October 11, 1996

Meetings provide faculty, staff with insight into VUMC’s future

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Dr. Roscoe R. Robinson, Vice Chancellor for Health Affairs, (second from right) answers faculty and staff questions at last week's strategic direction meetings. Also on hand were (from left), Dr. John Chapman, Joel Hardman, Ph.D., and Dr. Harry Jacobson

Meetings provide faculty, staff with insight into VUMC's future

Vanderbilt University Medical Center faculty and staff got a glimpse of the future last week at a series of meetings outlining the institution's strategic direction.

The meetings, a series of six held last Monday and Tuesday, marked the kickoff of "The Year of the Pathfinder," a year's worth of activities designed to highlight VUMC's strategies for leading the way through the rough terrain of today's health care environment.

It's this landscape – which encompasses federal research dollars, the rise of managed care as well as continuing uncertainty regarding reimbursement issues – that VUMC must traverse. But the institution is ready not only to embark on this journey, but to lead the way, said Dr. Roscoe R. Robinson, Vice Chancellor for Health Affairs.

"It takes each and every one of us working together to reach our goals. If we are to achieve in this competitive health care market, we must continue to develop internal structures that ensure the delivery of the highest quality care at the lowest possible price, without sacrificing our research and education priorities.

"We must explore and develop new approaches leading to new solutions, or paths, to achieve our overall strategy and global vision. We have been a world leader at the forefront of medicine, and we will continue to rise ever higher, year after year," he said.

The key goals of VUMC's strategy are to maintain and strengthen the three core areas of research, education and patient care while at the same time working to be recognized as a market leader in delivering quality health care and responding to managed care, Robinson said.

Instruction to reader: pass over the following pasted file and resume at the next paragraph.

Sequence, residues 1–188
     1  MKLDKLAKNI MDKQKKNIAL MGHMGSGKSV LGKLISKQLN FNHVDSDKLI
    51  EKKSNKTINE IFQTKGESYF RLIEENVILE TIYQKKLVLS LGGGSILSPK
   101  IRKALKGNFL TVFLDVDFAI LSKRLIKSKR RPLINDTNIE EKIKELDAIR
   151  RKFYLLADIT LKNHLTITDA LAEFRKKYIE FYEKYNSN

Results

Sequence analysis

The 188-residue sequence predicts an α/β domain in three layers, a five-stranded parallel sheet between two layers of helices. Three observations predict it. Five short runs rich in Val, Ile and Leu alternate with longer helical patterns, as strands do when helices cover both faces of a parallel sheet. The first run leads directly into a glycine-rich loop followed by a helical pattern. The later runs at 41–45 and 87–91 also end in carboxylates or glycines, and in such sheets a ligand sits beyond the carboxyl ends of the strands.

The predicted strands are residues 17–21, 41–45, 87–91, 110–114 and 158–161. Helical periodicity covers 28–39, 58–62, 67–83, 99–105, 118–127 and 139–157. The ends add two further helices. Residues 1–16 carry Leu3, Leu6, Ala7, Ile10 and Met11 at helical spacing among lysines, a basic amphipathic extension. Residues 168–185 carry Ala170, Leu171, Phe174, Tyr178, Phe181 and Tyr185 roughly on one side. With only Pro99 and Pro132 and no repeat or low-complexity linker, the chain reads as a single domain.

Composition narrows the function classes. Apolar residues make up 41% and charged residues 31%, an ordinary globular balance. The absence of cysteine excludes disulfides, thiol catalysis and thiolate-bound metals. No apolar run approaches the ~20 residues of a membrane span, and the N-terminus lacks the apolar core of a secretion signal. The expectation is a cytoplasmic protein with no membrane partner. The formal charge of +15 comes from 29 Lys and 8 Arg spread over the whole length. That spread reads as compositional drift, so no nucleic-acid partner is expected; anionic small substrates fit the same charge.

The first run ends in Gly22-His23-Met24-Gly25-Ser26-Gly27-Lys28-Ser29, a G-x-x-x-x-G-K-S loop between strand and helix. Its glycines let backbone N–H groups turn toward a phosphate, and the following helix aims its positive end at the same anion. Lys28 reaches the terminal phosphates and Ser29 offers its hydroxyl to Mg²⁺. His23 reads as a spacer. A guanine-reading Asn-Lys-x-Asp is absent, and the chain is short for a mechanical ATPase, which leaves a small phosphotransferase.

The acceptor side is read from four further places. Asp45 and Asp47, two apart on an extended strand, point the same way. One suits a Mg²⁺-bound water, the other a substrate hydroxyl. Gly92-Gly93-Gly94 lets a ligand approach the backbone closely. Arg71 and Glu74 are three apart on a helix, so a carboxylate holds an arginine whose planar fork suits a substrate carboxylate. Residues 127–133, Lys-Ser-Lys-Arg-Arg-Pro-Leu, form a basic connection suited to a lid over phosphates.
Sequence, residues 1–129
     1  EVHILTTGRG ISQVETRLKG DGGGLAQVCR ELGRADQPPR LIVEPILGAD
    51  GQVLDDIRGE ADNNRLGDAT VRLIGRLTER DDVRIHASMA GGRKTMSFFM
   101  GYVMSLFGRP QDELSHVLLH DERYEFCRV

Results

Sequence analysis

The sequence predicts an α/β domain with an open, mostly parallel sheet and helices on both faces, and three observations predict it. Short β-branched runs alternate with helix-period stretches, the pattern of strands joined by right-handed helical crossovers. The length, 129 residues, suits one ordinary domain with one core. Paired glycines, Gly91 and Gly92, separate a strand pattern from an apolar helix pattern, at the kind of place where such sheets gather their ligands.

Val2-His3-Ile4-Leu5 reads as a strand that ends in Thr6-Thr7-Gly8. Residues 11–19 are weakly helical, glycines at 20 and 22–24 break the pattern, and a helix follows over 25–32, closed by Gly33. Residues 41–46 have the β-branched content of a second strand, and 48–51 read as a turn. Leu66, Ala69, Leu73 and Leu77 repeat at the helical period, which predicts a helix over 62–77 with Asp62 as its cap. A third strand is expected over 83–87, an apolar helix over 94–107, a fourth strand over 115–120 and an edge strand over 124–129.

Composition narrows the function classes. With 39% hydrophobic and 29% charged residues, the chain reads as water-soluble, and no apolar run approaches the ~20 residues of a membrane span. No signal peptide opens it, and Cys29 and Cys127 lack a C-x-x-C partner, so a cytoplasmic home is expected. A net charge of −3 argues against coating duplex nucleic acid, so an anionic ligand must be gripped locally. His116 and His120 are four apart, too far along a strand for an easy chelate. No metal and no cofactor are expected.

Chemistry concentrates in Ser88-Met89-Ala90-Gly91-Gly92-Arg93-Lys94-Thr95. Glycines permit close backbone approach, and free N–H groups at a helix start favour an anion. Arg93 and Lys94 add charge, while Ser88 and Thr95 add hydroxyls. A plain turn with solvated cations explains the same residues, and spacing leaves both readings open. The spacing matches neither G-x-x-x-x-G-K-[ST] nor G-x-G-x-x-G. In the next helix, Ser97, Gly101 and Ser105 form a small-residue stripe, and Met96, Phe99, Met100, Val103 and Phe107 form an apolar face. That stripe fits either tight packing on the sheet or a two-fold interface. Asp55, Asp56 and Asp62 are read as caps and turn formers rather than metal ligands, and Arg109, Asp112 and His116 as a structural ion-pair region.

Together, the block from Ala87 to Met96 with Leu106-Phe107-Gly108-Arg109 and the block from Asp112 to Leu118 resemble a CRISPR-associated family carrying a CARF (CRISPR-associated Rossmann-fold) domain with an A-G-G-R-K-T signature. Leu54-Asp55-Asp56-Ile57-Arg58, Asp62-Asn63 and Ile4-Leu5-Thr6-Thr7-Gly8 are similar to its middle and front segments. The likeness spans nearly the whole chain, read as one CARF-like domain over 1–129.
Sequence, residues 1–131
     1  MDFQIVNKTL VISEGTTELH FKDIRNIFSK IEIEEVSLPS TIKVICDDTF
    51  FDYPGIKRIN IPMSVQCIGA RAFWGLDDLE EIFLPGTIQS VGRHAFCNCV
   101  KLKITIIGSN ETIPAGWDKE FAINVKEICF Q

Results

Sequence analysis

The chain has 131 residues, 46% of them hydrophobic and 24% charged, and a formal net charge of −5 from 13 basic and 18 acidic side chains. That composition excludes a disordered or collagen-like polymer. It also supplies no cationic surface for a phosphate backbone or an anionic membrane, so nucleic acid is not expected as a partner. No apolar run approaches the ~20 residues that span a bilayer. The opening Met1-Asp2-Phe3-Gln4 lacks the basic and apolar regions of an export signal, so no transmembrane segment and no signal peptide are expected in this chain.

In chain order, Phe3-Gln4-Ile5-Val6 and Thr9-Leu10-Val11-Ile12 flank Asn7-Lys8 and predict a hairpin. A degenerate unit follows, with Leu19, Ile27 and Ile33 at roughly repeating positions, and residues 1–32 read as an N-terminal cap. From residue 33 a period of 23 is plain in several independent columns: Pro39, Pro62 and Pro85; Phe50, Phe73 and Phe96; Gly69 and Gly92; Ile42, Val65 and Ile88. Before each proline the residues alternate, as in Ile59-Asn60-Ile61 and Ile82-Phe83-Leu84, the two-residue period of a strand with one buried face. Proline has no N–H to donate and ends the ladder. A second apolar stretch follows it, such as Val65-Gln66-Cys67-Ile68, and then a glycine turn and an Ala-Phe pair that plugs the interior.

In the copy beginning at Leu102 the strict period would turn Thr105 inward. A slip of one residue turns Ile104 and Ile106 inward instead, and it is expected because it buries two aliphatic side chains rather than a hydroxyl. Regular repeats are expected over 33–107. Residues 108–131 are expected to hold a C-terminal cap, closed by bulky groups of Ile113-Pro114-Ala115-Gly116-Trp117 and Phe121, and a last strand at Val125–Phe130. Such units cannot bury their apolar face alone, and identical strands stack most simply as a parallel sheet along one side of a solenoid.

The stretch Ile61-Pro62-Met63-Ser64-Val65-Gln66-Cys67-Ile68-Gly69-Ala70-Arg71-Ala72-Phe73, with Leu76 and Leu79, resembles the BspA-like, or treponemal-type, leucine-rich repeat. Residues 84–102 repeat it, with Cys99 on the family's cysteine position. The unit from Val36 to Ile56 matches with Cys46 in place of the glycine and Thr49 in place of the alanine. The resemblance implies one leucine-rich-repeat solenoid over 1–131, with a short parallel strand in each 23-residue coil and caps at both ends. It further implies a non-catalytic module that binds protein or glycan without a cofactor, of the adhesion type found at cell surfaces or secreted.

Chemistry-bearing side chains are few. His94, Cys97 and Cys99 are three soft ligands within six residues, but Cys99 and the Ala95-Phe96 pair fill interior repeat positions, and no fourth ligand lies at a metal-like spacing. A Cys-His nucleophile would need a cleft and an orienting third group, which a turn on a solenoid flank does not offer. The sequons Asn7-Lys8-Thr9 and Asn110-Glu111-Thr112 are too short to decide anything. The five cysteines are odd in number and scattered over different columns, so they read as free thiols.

To accomplish these goals and steer the institution down the proper path, VUMC has taken, or is planning to take, several steps.

€ A new advertising and marketing campaign will get under way during the first quarter of 1997; the campaign will drive home the message that Vanderbilt, through the Vanderbilt Medical Group, is a source for quality health care in the Middle Tennessee region.

€ Since February, 13 contracts have been signed with managed care organizations to provide health care for their patients.

€ Culture change continues and several teams are currently involved in the reorganization of The Vanderbilt Clinic.

€ The rate at which research grant applications by VUMC scientists are being awarded has remained constant, which runs against current national trends. Most academic health centers are seeing a drop in grant-award levels. Currently, one out of every three grant applications leads to an award, which puts VUMC among the top 25 institutions receiving National Institutes of Health funds. Due to the increasing competition for available federal funding, VUMC is becoming more aggressive in seeking funds from alternative and private sources to continue on the path of discovery and application of new knowledge.